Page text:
Goals & Practices

Opening Gifts

By: Jim Bruce
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Today’s Tuesday Reading is “Opening Gifts.”  This essay’s author is Roger Schwarz, CEO of Roger Schwartz and Associates and it recently appeared in his blog.

Schwarz begins by noting that we receive a lot of intangible gifts from those we work with.  They are often not always wrapped in lovely wrapping paper with beautiful bows.  And, whether nicely presented of not, too often we dismiss them without a second thought or any curiosity.

Real Influence – Part 2

By: Jim Bruce
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This week’s Tuesday Reading “Real Influence,” from the title of Mark Goulston and John Ullmen’s book “Real Influence:  Persuade Without Pushing and Gain Without Giving In,” is a continuation of the reading begun last week.  Goulston is a business psychiatrist, executive coach and cofounder of Heartfelt Leadership.  Ullmen oversees the website MotivationRules.com and teaches at the UCLA Anderson School of Management.  This reading is drawn from four HBR blog posts from the two authors.

Real Influence – Part 1

By: Jim Bruce
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I’ve titled this week’s Tuesday Reading “Real Influence” from the title of Mark Goulston and John Ullmen’s book “Real Influence:  Persuade Without Pushing and Gain Without Giving In.”  Goulston is a business psychiatrist, executive coach and cofounder of Heartfelt Leadership.  Ullmen oversees the website MotivationRules.com and teaches at the UCLA Anderson School of Management.  This reading is drawn from four HBR blog posts from the two authors.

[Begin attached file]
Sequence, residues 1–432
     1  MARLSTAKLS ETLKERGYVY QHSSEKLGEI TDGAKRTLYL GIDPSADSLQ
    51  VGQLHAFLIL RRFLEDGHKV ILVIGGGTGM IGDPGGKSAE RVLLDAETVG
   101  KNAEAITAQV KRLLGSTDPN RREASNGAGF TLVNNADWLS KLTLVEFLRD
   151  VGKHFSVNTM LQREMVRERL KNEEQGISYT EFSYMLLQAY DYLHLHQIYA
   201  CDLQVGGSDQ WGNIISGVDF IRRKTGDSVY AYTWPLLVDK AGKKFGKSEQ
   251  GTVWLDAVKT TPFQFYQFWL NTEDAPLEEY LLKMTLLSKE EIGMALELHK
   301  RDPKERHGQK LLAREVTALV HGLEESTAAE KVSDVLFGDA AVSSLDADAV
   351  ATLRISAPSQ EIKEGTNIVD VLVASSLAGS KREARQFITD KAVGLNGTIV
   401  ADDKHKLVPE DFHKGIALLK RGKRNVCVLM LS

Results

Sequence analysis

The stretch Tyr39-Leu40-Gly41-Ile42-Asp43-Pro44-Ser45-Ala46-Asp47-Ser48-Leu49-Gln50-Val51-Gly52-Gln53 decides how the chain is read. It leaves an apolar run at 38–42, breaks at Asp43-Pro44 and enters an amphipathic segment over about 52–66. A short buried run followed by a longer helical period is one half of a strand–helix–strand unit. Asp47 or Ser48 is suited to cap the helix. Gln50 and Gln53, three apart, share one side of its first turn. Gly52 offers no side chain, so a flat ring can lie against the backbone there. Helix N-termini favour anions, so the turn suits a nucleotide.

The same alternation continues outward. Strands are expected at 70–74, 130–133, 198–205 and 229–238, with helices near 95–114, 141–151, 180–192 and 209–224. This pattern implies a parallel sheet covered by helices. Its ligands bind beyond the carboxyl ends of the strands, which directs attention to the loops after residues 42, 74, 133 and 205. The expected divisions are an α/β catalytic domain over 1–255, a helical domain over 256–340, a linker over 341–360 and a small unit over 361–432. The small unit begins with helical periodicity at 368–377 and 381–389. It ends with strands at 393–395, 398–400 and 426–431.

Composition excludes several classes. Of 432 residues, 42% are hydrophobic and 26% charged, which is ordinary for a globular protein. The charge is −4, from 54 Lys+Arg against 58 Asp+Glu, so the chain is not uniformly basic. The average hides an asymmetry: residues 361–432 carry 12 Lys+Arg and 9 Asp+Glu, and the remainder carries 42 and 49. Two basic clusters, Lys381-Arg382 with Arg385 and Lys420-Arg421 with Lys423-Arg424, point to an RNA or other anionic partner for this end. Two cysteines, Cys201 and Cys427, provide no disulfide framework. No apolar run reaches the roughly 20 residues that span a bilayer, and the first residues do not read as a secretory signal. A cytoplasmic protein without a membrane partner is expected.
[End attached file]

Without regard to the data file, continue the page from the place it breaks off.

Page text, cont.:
Fors and Againsts

By: Jim Bruce
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Today’s reading is a post, “Fors and Againsts,” that recently appeared in the Creative Leadership blog of John Maeda.  Maeda, who currently is the President of the Rhode Island School of Design, calls himself a graphic designer, computer scientist, academic, and author.  Previously, he was E. Rudge and Nancy Allen Professor of Media Arts and Sciences and Associate Director of Research at MIT’s Media Laboratory.

Reflecting on Your Leadership Journey

By: Sean McDonald
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Indeed, as Marshall Goldsmith suggests, “What Got You Here Wont Get You There”, but it is still important to understand that what got you here did get you here.  We have become the leaders we are today because of a unique set of varying experiences.  We’ve been taught new things, shown the right ways, seen bad ways, been part of amazing teams, struggled at times, been let go, promoted, challenged, led, followed, etc… These all piece together into our own individual leadership journeys.

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